But I always had this nagging feeling that maybe I should return home. So this winter when my job started going south (boss went nutso and the amount of business on my end was in noticeable decline), I put in some resumes down in Dallas ans sure enough one of them panned out. When I got the offer I had this nagging feeling of "DON'T DO IT!" but I figured that was just nerves and the fear of the unknown. I jumped headfirst into my new opportunity and looked foward to "coming home."

Six months in, and I'm thinking I made the wrong decision. The job is going wonderfully. But everything else? Well, whoever said "you can never come home again" may have been on to something. Its really become abundantly clear to me this is not my kind of town. Dallas is not a bad city; but for me, it's been a huge letdown and I'm starting to remember all the reasons I hated it. The sprawl, crazy traffic, chain restaraunts everywhere. Not to mention the surprisingly high COL which have cancelled out any boost in pay I received. The things I disliked about OK are really no different here.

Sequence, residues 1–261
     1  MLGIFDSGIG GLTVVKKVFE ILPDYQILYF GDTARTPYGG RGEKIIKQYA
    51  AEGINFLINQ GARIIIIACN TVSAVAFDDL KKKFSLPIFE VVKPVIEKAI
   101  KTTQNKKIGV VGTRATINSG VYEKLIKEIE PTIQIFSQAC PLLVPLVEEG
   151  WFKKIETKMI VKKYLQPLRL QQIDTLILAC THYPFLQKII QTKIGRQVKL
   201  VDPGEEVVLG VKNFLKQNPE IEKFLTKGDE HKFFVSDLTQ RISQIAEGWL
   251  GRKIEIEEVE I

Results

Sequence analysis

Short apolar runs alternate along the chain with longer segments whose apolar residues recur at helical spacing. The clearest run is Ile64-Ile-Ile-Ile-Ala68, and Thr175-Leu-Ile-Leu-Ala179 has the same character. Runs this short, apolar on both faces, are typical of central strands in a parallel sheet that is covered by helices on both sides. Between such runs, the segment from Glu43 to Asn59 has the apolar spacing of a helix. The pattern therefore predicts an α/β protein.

I think the biggest disappointment has been the slow steady death of my social life. Even with my family nearby, I don't think I've ever felt so alone in my life. I have always been a pretty social person and can meet people fairly easy. I certainly didn't expect to replace my social life that I had in OK down here in just 6 months, but I really thought I would have made more progress than I have now. I actually had a small network of old friends and family members that I thought I could depend upon. With the exception of my sister, most have flaked out on me. Heck, I actually talk to my parents LESS despite being 20 miles away than when I was 200 miles away. This has been very upsetting for me. For the record, people here are very friendly. But if I may be critical, people here are also overly career focused and, dare I say, a bit pretentious. The sprawl and long distances also makes it kinda hard to really form relationships...and I've actually had multiple transplants tell me this.